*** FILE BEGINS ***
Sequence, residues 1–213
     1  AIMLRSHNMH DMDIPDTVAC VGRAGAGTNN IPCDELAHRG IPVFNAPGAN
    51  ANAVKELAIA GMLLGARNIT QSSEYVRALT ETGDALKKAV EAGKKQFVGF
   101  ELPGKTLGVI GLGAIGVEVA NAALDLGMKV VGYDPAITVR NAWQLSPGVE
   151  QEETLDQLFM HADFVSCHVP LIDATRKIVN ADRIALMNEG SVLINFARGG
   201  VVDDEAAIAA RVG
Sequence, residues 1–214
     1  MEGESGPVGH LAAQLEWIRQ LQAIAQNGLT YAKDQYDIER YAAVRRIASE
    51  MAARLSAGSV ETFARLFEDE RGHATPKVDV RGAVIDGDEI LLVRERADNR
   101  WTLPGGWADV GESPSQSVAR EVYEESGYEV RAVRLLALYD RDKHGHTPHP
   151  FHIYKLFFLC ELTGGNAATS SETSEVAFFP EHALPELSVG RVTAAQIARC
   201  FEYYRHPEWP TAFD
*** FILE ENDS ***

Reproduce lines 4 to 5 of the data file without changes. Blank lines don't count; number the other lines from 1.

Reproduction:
   101  ELPGKTLGVI GLGAIGVEVA NAALDLGMKV VGYDPAITVR NAWQLSPGVE
   151  QEETLDQLFM HADFVSCHVP LIDATRKIVN ADRIALMNEG SVLINFARGG